Rituals are one of the games I play in my old age; I create “rules” within which to live my life in such a way to meet at least some of my goals.  You might look at my short story, “Ritual,” to see one example of ways in which structure can add to life and what happens when it is interrupted.

New Year’s Resolutions in Old Age

The title of my blog site (When I Come to be Old) comes from a list of Jonathan Swift’s resolutions, made when he was a young adult, about how he was determined to act (or more specifically not to act) when he was old.  His list is worth reviewing by us seniors, just to see how the younger set may perceive us (no comfort there).  This new year, however, I am more interested in thinking about what kind of resolutions old folks should make about themselves?

What kinds of resolutions should old people make?  If you do a search on the web, most of what you will find are suggestions to improve your mental or physical health: take up crosswords, walk at least a mile a day, eat more vegetables.  Yes, of course.  These are common sense maintenance items, and we all are fully aware that learning a foreign language will work our brain harder than watching Brit Box.  I surely make such resolutions, but they usually (in my case) take the form of the negative.  No more than an hour of TV per day, no dessert unless I have walked three miles that day, no more than one restaurant meal a week – and so on.  Games we play with ourselves which (hopefully) make us a little healthier without undue deprivation.

On my doctor’s suggestion upon my query about any possibility of avoiding my mother’s dementia, I have gone back to French. (I once knew enough to pass a translation exam for a graduate degree, but those brain cells seem to have disappeared.) I am using Duolingo and pledged myself to a modest fifteen minutes a day.  I don’t have to worry about reminders; Duo is a pest.  I also continually contrive and amend reading lists and rules (e.g., at least one literary work of fiction or nonfiction for every mystery novel).

But how about other hopes and goals other than those aimed at life extension?  There are at least a couple of other categories.  How about creative endeavors?  Not to be published or hung on our grandchildren’s walls, but for our own satisfaction in doing something which draws on our experience, something, perhaps, that we have always wanted to do.  Most of us know what that means for us – which could be anything from adventuresome cooking to bonsai gardening to a full-length novel.  Here, too, I have found it necessary to set concrete goals for an enterprise which is not concrete at all in its reason or its results.  When I first started to keep a journal over twenty years ago, my resolution was ten single-spaced pages per month – and if I put it off, I had to write all ten on the last day.  It never came to that – but since that time I have produced the minimum (usually far more).  Similarly, when I started a blog, it was with the determination to post a blog at least twice a month and a new story every six weeks.  I have succeeded, at least on the average.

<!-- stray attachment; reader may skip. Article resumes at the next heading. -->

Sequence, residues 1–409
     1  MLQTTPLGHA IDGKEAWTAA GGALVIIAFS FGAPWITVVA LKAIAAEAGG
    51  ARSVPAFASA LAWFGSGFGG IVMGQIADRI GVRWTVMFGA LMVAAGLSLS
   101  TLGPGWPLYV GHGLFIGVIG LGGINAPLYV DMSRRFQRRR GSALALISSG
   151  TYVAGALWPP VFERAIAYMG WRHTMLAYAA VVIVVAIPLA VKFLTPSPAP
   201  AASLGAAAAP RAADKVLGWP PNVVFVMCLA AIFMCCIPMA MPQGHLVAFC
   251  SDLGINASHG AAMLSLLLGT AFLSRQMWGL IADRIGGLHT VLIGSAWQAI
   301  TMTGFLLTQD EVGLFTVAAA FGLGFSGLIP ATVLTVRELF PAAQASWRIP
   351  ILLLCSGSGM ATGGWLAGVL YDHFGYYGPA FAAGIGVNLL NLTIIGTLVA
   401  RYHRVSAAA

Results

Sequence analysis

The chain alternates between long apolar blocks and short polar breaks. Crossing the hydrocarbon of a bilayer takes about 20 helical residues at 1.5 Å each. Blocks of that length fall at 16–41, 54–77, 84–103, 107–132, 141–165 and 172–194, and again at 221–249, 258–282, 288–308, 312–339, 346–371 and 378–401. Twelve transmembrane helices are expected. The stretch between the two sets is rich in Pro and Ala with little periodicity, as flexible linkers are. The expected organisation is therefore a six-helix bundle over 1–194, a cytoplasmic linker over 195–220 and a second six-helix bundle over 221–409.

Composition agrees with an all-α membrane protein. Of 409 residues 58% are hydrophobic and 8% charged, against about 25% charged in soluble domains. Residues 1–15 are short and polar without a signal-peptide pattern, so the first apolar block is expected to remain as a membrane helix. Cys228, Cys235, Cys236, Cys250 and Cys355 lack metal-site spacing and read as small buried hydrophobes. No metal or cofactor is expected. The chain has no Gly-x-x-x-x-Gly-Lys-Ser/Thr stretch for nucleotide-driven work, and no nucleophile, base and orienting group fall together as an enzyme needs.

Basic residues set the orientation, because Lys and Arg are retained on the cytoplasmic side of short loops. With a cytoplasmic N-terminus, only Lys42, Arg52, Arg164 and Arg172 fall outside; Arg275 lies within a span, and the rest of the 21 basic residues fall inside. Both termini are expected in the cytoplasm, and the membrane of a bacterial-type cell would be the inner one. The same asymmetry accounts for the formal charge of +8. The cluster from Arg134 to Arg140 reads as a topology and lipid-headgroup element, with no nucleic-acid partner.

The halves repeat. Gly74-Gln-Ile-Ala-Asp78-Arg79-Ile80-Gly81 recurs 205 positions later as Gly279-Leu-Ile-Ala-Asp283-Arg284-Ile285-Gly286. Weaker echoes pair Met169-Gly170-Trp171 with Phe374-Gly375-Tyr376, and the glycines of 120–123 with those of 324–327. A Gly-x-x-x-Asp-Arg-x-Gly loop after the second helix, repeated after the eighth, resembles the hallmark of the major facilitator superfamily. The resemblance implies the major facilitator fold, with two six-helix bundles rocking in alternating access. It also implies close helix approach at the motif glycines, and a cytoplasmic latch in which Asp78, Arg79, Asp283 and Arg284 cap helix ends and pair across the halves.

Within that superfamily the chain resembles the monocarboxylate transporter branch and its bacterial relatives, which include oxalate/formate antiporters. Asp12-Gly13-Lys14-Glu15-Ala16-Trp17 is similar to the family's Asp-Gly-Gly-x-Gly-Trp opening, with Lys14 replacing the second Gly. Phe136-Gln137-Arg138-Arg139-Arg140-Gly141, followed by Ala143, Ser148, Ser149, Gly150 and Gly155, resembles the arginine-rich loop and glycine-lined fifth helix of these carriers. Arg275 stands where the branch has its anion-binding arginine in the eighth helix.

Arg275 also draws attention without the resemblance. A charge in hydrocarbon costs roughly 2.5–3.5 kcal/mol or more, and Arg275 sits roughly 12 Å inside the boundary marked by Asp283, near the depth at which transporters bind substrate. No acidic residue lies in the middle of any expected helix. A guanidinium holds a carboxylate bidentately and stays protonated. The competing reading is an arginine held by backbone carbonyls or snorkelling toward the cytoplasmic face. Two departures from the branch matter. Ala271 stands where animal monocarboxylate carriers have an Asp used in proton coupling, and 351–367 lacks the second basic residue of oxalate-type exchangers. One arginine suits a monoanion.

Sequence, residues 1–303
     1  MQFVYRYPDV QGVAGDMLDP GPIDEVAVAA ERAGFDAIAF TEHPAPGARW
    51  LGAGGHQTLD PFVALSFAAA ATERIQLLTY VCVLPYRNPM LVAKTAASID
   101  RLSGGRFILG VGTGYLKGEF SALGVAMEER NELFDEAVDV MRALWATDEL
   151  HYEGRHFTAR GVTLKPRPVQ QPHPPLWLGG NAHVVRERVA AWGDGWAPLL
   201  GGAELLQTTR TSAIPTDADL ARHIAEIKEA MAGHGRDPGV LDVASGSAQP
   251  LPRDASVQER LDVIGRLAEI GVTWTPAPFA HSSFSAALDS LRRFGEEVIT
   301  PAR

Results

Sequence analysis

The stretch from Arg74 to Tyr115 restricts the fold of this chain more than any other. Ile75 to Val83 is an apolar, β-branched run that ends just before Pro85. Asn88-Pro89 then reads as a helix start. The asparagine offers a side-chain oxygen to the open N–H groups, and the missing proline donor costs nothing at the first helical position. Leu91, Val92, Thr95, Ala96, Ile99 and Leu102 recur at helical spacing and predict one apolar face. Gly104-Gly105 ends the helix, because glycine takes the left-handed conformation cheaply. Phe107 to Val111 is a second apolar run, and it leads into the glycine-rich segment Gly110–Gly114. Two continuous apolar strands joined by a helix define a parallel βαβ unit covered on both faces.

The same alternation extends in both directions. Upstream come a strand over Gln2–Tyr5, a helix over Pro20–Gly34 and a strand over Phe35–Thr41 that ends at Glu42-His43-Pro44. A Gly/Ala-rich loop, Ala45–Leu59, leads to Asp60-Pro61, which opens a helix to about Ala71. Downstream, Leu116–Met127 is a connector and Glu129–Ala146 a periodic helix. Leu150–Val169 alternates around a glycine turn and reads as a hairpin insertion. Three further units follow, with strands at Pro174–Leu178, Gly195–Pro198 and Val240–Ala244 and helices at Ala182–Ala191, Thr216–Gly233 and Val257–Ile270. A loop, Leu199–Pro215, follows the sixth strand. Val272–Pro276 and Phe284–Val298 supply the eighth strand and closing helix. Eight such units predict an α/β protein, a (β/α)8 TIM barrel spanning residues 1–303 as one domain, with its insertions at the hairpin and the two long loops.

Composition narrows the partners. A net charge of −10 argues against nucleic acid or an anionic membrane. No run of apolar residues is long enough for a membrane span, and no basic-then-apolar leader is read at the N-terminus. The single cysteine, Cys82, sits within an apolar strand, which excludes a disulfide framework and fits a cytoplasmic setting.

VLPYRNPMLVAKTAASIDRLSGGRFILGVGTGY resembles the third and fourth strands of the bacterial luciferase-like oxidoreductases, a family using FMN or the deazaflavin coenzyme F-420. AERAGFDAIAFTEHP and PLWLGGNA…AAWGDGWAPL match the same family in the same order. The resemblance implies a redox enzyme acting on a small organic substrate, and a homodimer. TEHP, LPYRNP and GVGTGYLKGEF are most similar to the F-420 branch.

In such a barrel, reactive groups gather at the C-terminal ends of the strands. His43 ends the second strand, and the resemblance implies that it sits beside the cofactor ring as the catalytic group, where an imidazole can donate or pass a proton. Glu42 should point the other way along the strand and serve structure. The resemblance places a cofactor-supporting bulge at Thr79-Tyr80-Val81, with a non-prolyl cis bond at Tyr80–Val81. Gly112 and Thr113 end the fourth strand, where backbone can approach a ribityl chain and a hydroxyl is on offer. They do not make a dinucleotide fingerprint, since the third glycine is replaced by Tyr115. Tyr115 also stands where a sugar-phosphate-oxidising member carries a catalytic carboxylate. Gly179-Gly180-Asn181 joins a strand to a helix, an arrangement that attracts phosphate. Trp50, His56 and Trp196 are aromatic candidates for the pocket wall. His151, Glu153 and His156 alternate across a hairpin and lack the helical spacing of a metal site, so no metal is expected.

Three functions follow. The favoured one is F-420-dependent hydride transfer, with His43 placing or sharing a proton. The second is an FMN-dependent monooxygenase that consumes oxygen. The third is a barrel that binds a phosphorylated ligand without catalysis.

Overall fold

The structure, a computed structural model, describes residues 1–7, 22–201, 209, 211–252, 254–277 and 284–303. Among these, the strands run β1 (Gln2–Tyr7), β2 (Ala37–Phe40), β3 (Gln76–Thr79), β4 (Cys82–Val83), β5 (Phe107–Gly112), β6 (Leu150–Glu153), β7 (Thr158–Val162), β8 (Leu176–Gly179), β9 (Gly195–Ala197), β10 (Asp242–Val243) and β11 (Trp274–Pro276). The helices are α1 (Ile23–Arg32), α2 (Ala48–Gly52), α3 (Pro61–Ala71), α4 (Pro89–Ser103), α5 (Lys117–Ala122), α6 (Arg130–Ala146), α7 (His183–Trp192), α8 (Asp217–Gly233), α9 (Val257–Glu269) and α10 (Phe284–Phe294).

But there are more personal ambitions to do with our states of mind – our souls, if you will.  One of my resolutions this year is to start going back and reviewing my journal from the beginning to see what I can learn about myself.  (See my blog, “Rules of One’s Own,” for the wonderful Marion Milner’s advice in this regard.)

And how about resolutions that have to do with the very fact that we are aging, facing changes we cannot (wholly at least) control, coming closer to the end, however we might define it?  “Do not go gentle into that good night” was a resolve, made not by an old man, but by a younger man (Dylan Thomas) on behalf of his dying father.  I don’t know about you, but I don’t want my children making resolutions for me.  And I don’t want to spend my last years in a “burning and raging” against the “dying of the light.”

Kay Boyle was already old when she formulated her “Advice to the Old (Including Myself).” Boyle, like Swift, warns us about not dwelling on old times or regaling others with our aches or disappointments – but she ends with a challenge to battle despair:

Have no communion with despair; and, at the end,

Take the old fury in your empty arms, sever its veins,

And bear it fiercely, fiercely to the wild beast’s lair.

This is a different kind of battle – not against inevitable death and age, but against self-generated despair, not against the reality of existence but against an antagonistic attitude toward what isFor me, it is not so much a battle (who wants life to be a battle?) as a matter of – resolution.

Resolution is a word with many meanings; at the new year, we often mean it in the sense of “firmness of purpose.”  But it can also mean the “solution to a problem” (as in “the dentist resolved my toothache”) or the “degree of sharpness with which we can see something” (think of the resolution level of your monitor or TV).  All the senses of resolution are related: firmness of purpose is only of use if we can see sharply enough to define the issue we are trying to resolve, and know what action on our part will “resolve” it.

Old age is, in itself, not a problem.  Grief or despair about the changes that old age brings can be a problem and is worth resolving.   But before we can resolve it, we must examine and define it.  Yes, bad habits can come with age and these need to be guarded against (just ask Jonathan Swift), but that is true of all times of life.  And again, perhaps the real sin is to despair at the facts of existence. I spent my childhood wishing to be older; I spent much of my middle age looking forward to retirement.  I am trying hard not to miss the opportunity to enjoy and make the most of my old age.  My resolutions will be to understand my own nature and changes (read the old journals), learn (French and patience, although not necessarily in that order), and work toward some form of resolution with age, provisional though it may be.